Posted on December 3rd, 2017
The sales are hot on our heels. And whilst I’ve already done a huge amount of damage (and managed NOT to buy a single Christmas present), there’s still much to be bought.
Hitting the sales with no direction or idea what you’re after is risky – I for certain get caught up in discount-mania and have managed to convince myself that I need a pair of sequinned salopettes for the day I decide to start skiing because the discount hit 70% or more. Wrong. Tally up these misinformed purchases and you’re looking at a pretty scary number.
Tip 1: Have a Clear Out
Before I start compiling ridiculous online wish lists, I make sure to clean out my closet. I try to be as ruthless as possible when I do this, even thought I’m not a big believer in the rule that “if you haven’t worn it in a year it’s unlikely it will be worn again”. The question I tend to ask myself is “do I feel good when I wear this?”. We all have certain pieces which are comfortable or that we keep because of the label or price but if you don’t feel fantastic when you put it on (even if it’s an old pair of jeans or a t-shirt you bought from Miss Selfridge in 1996) then it doesn’t earn a place in your wardrobe. Everything needs to deserve shelf space.
Once I’ve determined the bits that have to go, I separate these into piles: sell and donate. Anything that’s got a designer label and is in great condition is shipped off to be resoled (Vestiare concierge and The Real Real are my go-to’s since I no longer have time or the energy to sell things myself) and anything else is donated to shelters or sent to my nearest charity shop. Reselling clothes makes perfect sense to me; you’re being paid for something that’s essentially collecting dust which can go towards a better purchase.
(This Vita Kin blouse was purchased on sale from Matches).
Tip 2: Make a List
When the carnage of the clear out is over, my next move is to make a list of what I’m missing in my wardrobe and what I know that I really want to buy. Anyone who knows me knows that I love a list and in this instance I make two lists. The first is what I want to buy from the current season. I generally write this when the new collections come out and decide what I can wait to purchase until the sales roll around and what I need to snap up immediately unless risk not finding it ever again. The second list is a general list that discards ‘seasons’. These are my big-ticket purchases (think a green sellier Kelly bag, Saint Laurent black teddy jacket etc).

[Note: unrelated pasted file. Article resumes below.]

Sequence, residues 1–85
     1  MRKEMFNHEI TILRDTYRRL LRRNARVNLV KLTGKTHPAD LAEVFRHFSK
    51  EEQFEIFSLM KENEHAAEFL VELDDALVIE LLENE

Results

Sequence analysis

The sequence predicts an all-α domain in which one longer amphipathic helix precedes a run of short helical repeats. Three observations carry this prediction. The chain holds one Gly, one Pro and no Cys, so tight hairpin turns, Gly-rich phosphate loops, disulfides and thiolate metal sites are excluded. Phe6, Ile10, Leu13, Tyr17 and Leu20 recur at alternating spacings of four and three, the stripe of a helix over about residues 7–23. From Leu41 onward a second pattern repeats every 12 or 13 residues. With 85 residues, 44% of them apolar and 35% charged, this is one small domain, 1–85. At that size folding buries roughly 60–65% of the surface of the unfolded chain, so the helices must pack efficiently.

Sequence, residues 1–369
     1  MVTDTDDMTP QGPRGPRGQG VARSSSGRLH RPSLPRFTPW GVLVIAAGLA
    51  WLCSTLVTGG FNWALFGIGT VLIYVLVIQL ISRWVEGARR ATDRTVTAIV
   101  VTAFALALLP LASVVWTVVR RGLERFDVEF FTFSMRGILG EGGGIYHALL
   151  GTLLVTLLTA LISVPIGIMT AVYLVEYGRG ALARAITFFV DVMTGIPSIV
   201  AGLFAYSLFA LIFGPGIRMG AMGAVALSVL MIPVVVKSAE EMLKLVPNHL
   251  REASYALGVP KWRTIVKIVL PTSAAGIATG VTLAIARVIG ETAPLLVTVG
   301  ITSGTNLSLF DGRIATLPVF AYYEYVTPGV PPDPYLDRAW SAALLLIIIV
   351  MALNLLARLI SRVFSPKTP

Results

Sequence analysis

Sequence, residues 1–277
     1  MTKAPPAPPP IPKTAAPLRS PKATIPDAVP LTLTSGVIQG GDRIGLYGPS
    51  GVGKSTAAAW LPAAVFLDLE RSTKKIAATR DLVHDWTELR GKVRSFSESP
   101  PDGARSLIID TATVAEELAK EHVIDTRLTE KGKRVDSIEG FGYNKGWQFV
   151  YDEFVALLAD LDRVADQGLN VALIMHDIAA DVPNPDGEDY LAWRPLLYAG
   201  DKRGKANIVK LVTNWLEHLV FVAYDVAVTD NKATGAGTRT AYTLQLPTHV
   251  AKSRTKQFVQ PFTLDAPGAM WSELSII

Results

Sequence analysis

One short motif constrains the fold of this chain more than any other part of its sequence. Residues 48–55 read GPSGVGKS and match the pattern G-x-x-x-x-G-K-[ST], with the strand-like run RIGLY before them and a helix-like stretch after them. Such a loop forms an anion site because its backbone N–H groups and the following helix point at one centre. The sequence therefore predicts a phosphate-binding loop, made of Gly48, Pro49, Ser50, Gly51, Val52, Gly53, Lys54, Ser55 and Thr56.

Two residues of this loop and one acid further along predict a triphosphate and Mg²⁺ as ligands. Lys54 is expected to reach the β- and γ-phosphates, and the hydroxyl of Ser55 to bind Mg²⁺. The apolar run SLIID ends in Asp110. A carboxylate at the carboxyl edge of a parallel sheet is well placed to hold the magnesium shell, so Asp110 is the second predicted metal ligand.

On my current collection list, I make sure that I consider where the holes are in my wardrobe. I’ve come a long way from doing my weekly Zara and ASOS hauls and buying everything left right and centre whenever I got a 10% off coupon code. Fashion is so quick and the huge inventory of ‘stuff’ wreaks havoc on the environment so my mantra of shopping smart really gets me to think about my purchases. At the end of the day how much do we really need?
(Another sale purchase from Stella McCartney)
Tip 3: Do Your Research
Once the emails start coming in on discounts start window shopping. Search for what you want on multiple different sites – you can often save a pretty penny on the varying discounts that stores offer.
Another way to research sales is to speak to sales assistants, as part of being a bit of a shopaholic, I’ve developed relationships with various stores in London which means I get into the sales previews (which generally translates into the pick of the litter).
Tip 4: Patience
Generally I have an idea of what’s ok to spend – I try not to get into the territory of having my Vodafone direct debit bounce and a family surviving off of soup for a week however I’ve learnt that there are so many online stores, so much inventory and constant discounts during the sales period that unless the item is at the top of your list and you have money to burn, it’s worth waiting and trawling the final sales at the end of January. You never know what you can unearth. Finally, the worst case scenario is just happening to stumble upon something you’ve wanted down the road – for example, I’ve been on the hunt for a floral Nina Ricci dress with lace accents and couldn’t stomach the $2,500 price tag years ago – I just found and purchased the dress (albeit in a few sizes too large which I’ve now sent to the tailor) for less than $80.
(Probably my best sale find is this Celine dress which was discounted from over $3,000 to a bearable $120).
Hold tight for a couple weeks and I’ll post what I’ve bought and what I need to buy in the upcoming sales!